How to Become Criminal Profiler


It's easy to see why mystery buffs consider Sir Arthur Conan Doyle's Sherlock Holmes to be the original criminal profiler. He was wise and analytical; an open-minded thinker who understood that solving crimes requires more deductive reasoning skills than inductive ones, putting to rest the myth that only those with superior intuitions can do the job correctly. If you're intrigued with the field, prepare to get the best education possible to attain your goal.

Things You'll Need

  • Degree in criminal justice
  • Post-graduate training (master's degree preferred)
  • Law enforcement experience
  • Obtain early preparation for entry into the field by reading books on the subject, taking behavioral and analytical science classes, and attending lectures and workshops designed to help you understand your own personal thinking, biases and predispositions for making assumptions. Profilers must be able to compartmentalize to do an effective job.

  • Expect your role as a criminal profiler to revolve around a methodical search into the victim's lifestyle, behaviors, associates and habits. Crime-solving requires investigating the way victims lived if conclusions are to be reached about how they died.

  • Obtain a degree in criminal justice with an emphasis on the psychology of criminal behavior. You'll learn the ins and outs of deductive profiling, including how to question assumptions, analyze opinions and premises, and take apart the patterns and behaviors of suspects. You'll also learn to spot personal transference issues that are known to dog even the best profilers.

  • Launch your career as a foot soldier in any type of criminal justice field and amass at least three years in the job before you begin to pursue a profiler job. Criminal profiling, once relegated to huge agencies like the Federal Bureau of Investigation, Naval Criminal Investigative Service and the Secret Service, is fast becoming a staple within the confines of smaller law enforcement agencies. That stated, these agencies fill their ranks with candidates offering the best mix of real-world experience with at least an undergraduate degree. Optimal candidates will also list a master's degree in behavioral criminal justice to their vitae.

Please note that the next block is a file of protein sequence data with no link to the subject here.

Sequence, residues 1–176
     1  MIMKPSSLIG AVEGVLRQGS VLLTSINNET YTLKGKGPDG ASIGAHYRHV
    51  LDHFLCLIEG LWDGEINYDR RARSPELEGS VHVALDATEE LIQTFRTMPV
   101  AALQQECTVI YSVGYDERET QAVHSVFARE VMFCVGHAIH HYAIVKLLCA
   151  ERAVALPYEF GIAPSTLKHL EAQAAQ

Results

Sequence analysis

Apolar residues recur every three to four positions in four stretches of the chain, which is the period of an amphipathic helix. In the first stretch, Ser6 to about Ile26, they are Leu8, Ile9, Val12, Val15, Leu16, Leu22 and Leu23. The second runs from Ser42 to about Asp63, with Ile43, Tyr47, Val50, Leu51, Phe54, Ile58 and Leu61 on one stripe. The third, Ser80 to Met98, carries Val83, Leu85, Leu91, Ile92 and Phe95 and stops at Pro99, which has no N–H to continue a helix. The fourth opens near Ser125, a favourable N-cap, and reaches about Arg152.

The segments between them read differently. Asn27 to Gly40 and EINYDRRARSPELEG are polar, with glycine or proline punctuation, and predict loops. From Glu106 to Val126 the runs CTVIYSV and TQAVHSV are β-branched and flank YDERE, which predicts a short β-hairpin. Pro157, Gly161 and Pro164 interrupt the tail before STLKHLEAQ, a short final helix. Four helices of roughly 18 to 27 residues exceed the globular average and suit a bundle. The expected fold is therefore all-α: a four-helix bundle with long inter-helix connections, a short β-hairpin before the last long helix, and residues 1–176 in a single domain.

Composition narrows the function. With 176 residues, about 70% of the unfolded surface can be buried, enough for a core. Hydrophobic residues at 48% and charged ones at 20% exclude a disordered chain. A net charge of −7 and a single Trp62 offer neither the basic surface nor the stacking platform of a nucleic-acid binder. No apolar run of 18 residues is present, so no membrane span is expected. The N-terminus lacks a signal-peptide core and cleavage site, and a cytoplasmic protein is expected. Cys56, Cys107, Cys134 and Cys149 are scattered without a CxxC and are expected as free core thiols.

• Maximize on-the-job opportunities to add to your skill set by taking post-graduate courses in forensics and criminology. Your ability to determine who perpetrated a crime will be greatly enhanced by your understanding of crime scene evidence like wound analysis, bloodstain patterns and bullet trajectories. Physical evidence will round out your theories on how and why crimes are committed.

  • Become a master communicator. Profilers are frequently designated point people atop the pyramid of criminalists, law enforcement personnel, medical examiners, witnesses and families of both suspects and victims. You may even be tapped to interface with the media. Given these diverse populations, expect to juggle many hats as you sift facts from theories to produce the epiphany that closes a case.

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